New Dwelling, Oxfordshire
Buscot Park is a fine early 19th Century house positioned at the centre of its own estate, and surrounded by outstanding ornamental gardens. The property is owned by the National Trust, but occupied by Lord and Lady Faringdon, who asked the practice to design a new house within the grounds for summer use during the visitor season.
A site was chosen on the far side of the original walled gardens, which are now laid out to a formal pattern. The gardens are arranged as three separate walled areas, centred upon a fountain and with a broad garden path running through the centre. The path is centred upon the C18 stable block, and the house is positioned as a new focal point at the opposite end, in a natural landscaped bowl, on the edge of the surrounding parkland.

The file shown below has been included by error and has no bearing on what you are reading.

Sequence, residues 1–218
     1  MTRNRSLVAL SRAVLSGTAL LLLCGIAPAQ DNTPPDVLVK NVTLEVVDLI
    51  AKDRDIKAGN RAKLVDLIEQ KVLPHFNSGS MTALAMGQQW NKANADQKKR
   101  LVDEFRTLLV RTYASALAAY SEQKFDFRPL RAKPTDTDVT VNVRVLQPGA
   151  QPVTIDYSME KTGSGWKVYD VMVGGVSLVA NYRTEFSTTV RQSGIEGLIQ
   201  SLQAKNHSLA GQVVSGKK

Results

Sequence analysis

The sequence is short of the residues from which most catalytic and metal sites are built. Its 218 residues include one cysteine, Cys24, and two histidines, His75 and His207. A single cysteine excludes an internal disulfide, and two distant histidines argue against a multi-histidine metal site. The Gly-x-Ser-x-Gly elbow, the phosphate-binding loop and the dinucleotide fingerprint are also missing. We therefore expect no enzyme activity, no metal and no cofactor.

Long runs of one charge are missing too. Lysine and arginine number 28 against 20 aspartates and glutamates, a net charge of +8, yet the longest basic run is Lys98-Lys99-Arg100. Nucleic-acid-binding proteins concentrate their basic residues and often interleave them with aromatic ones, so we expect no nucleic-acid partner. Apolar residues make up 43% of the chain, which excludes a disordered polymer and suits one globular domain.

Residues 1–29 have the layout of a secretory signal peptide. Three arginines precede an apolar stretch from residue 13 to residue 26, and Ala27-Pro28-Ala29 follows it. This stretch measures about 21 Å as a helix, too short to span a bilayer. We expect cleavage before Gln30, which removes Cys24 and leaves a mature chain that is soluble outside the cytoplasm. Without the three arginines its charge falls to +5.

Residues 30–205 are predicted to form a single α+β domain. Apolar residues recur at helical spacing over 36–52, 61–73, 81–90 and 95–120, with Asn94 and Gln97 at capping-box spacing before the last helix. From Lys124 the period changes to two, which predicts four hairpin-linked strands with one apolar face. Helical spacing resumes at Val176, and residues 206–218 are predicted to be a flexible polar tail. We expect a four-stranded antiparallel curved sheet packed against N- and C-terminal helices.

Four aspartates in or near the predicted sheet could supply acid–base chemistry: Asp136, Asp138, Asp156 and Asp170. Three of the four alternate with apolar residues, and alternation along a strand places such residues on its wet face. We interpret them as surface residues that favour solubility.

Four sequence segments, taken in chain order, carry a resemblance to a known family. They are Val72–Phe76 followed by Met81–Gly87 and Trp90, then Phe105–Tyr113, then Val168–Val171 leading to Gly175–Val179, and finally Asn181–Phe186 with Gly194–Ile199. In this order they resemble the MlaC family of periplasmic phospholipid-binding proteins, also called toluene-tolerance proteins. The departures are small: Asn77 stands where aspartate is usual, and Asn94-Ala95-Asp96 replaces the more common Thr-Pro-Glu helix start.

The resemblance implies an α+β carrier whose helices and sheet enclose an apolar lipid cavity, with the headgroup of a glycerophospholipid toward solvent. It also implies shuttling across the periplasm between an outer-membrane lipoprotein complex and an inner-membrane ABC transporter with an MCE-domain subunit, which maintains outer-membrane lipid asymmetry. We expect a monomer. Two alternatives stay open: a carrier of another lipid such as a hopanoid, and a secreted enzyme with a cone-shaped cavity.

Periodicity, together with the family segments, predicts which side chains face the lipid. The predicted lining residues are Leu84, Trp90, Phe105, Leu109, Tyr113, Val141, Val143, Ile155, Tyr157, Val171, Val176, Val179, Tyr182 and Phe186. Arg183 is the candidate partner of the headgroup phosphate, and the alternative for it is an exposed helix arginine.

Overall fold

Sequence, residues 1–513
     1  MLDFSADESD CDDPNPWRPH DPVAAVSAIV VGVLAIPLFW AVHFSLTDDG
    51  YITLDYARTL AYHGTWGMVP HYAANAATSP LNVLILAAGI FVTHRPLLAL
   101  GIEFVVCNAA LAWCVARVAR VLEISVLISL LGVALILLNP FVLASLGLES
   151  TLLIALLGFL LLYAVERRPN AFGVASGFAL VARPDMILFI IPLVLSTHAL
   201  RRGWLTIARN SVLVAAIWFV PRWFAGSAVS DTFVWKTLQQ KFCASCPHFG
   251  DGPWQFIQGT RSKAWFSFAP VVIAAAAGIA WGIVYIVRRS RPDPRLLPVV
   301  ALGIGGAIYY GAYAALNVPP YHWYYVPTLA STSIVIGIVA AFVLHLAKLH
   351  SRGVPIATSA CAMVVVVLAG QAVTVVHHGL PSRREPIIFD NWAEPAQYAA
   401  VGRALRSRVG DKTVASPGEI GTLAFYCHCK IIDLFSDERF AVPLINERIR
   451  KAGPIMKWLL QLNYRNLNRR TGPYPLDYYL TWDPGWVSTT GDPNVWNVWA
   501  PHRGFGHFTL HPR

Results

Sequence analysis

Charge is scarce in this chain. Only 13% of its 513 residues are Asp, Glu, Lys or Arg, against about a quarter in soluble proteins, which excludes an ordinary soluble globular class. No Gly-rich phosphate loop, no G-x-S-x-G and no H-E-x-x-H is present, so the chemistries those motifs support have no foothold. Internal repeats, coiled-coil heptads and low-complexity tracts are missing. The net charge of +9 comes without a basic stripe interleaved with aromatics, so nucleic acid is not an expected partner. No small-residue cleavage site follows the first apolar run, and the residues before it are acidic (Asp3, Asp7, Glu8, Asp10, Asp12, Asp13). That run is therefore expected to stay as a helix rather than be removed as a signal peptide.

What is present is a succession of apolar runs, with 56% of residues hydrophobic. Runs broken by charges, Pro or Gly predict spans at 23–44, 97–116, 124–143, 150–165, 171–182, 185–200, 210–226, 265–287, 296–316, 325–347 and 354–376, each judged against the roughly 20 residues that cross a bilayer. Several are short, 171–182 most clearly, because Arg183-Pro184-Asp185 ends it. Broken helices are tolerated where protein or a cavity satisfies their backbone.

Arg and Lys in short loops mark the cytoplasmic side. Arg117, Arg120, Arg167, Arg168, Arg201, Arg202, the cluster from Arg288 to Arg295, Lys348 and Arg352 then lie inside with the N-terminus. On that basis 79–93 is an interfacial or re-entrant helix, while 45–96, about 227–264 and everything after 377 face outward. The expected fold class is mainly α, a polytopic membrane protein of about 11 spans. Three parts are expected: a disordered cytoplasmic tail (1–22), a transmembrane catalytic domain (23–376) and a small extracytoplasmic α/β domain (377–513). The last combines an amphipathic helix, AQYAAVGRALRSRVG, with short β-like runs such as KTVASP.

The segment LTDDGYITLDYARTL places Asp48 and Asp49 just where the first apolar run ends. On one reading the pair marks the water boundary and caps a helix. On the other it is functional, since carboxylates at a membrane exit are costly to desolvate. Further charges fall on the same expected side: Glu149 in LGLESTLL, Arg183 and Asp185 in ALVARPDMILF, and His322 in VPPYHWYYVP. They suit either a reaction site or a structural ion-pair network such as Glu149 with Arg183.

The designs for the house are based upon classical principles and proportions, forming symmetrical facades to the north and south with projecting service wings either side. The design is based upon the classical timber building traditions of east coast American C18 houses, with clapboard cladding.
A central hall runs through the centre from north to south with the main rooms arranged to the four corners. A central space rises to a cupola at the apex of the main roof, and the main staircase rises back over the main entrance door, with a half landing and Venetian window giving views back across the formal walled gardens to the stables beyond.
The project was completed in 2004.
Architect: Cowper Griffith
Project Value: £2.7M